Nature Notes from Skye
(and occasionally other places)

Sun 11 Jul 2004

Mooched around the lower slopes of the Storr area looking for alpines, but the cloud was too low to risk any serious scrambling.  On the way up through the forestry I saw a juvenile Goldcrest on the lower branches of a Spruce.

First a couple of Crucifers from the pinnacles that make up the Old Man of Storr's family.  The Northern Rockcress, left, is abundant in this area, but the Hoary Whitlow-grass, right, is not at all common.  It is easy to recognise from the twisted pods.  It was in a crevice, hence the dark background.

Cardaminopsis petraea   Draba incana

More plants growing out horizontally from the rockface.  Glaucous Meadow-grass and Spiked Woodrush.

Poa glauca   Luzula spicata

Last of the alpines for today is the Mountain Sorrel, below left, and a picture of the habitat where all these plants can be found.

Oxyria digyna   Old Man of Storr

As the mist was closing in I then took the road round the north end of the Storr Lochs and climbed the steps down to Bearraraig Bay.  This makes a pleasant walk with excellent views both out to sea and back towards the Storr.  There were 3 Grey Wagtails around the pools below the Storr Lochs Dam, presumably two parents and a young one, could not see enough detail on all 3 to be sure.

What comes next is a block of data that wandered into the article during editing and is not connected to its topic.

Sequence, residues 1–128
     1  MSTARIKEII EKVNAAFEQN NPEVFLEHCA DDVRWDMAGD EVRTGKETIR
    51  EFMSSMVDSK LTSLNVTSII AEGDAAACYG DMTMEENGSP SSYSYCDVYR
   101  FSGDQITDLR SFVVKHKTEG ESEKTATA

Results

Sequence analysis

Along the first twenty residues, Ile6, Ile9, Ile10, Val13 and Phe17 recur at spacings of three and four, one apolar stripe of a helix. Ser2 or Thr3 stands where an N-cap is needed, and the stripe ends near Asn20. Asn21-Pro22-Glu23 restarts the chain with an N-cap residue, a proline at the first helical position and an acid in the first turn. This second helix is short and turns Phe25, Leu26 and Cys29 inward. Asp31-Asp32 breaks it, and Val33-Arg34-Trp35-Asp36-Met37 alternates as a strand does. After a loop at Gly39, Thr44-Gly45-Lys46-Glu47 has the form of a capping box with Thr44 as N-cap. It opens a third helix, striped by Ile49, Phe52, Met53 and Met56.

Storr from Bearraraig Bay   Torilis japonica

There are intriguing "hanging woods" on the slopes around Bearraraig.  Some can be seen in the picture on the left, though further round they are steeper than this. (in between the natural woods and the mountains, a conifer plantation can be seen).  I didn't have time to explore the woods, but I was pleased to find a single plant of Upright Hedge Parsley (above right) close to the shore.  This plant is common in most of the UK but rather scarce on Skye.